Looters Cause $300K Damage in 2 Minutes at Family-Owned Pharmacy in San Jose

Looters Cause $300K Damage in 2 Minutes at Family-Owned Pharmacy in San JoseLooters Cause $300K Damage in 2 Minutes at Family-Owned Pharmacy in San Jose
Among those targeted by looters over the weekend was a family-owned drugstore in downtown San Jose, California. 
On Sunday night, security footage captured how a group of seven people forcibly entered and robbed Garcia Pharmacy.  
The pharmacy, which is situated off East Santa Clara Street, services clinics, mental health and adult residential facilities, among others.
The burglars stole medication meant for hundreds of patients from across the Bay Area, Sacramento County, and south to Salinas. Where these prescription drugs might end up has since become a major concern, reports ABC7.
In the surveillance footage, the suspects were seen running towards the drugstore after throwing a tire iron through its glass storefront before 9 p.m.on Sunday.
James Wong, lead pharmacist and owner of the business, noted that the intruders managed to cause almost $300,000 in damage in the span of just two minutes.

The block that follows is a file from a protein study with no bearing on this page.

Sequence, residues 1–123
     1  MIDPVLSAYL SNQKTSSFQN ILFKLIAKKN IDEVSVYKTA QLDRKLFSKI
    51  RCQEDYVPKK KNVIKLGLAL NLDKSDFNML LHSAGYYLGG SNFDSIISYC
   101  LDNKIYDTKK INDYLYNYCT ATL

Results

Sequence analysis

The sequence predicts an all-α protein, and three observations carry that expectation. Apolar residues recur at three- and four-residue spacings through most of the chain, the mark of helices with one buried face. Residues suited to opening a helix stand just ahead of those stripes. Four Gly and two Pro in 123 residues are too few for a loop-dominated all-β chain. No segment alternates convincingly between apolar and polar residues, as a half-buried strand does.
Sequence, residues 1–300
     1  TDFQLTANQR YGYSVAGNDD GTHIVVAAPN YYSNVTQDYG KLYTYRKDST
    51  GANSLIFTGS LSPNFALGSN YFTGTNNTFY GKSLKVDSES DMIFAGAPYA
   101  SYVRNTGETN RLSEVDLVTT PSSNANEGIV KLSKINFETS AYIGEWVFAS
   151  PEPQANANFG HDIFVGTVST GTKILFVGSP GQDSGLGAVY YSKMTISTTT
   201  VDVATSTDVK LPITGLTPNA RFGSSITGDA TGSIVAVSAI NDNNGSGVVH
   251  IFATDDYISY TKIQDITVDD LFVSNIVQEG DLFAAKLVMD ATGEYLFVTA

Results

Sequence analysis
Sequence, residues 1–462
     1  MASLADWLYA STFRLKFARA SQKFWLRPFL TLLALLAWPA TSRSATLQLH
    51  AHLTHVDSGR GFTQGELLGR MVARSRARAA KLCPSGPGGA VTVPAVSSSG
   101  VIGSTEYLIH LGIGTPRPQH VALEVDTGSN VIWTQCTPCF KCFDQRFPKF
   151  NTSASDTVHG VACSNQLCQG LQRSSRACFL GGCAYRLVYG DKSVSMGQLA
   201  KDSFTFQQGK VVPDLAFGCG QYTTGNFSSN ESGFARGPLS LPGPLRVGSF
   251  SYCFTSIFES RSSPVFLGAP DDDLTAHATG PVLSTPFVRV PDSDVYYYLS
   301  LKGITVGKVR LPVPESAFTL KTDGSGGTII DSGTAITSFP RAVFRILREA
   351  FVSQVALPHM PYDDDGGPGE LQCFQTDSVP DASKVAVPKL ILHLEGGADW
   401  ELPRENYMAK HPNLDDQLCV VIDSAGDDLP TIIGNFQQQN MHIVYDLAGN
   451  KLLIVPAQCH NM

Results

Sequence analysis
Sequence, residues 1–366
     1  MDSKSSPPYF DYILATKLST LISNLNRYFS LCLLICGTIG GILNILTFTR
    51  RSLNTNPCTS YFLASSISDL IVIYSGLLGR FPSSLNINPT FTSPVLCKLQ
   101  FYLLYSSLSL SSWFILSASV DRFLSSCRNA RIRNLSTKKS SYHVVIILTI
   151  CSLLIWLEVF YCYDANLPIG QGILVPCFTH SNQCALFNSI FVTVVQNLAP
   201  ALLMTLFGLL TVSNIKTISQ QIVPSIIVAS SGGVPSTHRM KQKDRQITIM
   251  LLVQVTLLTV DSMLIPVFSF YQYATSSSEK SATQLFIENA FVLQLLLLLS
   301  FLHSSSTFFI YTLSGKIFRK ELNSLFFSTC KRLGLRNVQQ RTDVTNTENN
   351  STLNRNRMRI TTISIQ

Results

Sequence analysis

Aside from stealing $50,000 worth of around 150 deliveries intended to be sent out to patients on Monday, the group also damaged equipment and tainted some of the medicines left behind with a fire extinguisher.
“The window was smashed and everything inside was just a mess,” Wong was quoted as saying. “They shot off the fire extinguisher all over the medication. So, I have to destroy those medications, it’s not sanitary.”
Wong says that he is now worried about the patients who will not have their treatment. 
“One guy was actually taking the time to read the label and kind of knew what he wanted. The other individuals just seemed to grab everything they could,” he explained. “But they definitely came prepared. They threw a tire iron through the window, and they had duffel bags ready to take a lot of stuff. They cleared out all of our deliveries for Monday morning.”
He also warned against the potential harm of the medications falling into the wrong hands.  
“It’s very dangerous. Some of these medications are controlled, some are non-controlled. Depending if they take it incorrectly, they’re going to hurt themselves,” he said. “They put it in the water supply, the water filtration can only do so much. It’s really, really dangerous.”
Wong noted that the COVID-19 crisis has already made it a challenge for them to get medications out on time but the protests have also affected shipments.
He further shared that while he hopes things do get better for the community, as he is for the protests, he thinks the looting only “hurts everyone.”
“I’m for the protest, but the looting’s got to stop,” he added. 
Wong and his staff are currently busy assessing and documenting their losses. The shop, which remained closed as of Tuesday morning, may re-open on Wednesday, reported KTVU.
While the local authorities have been notified of the incident, investigative work on the case has yet to begin.
Feature Image via KTVU
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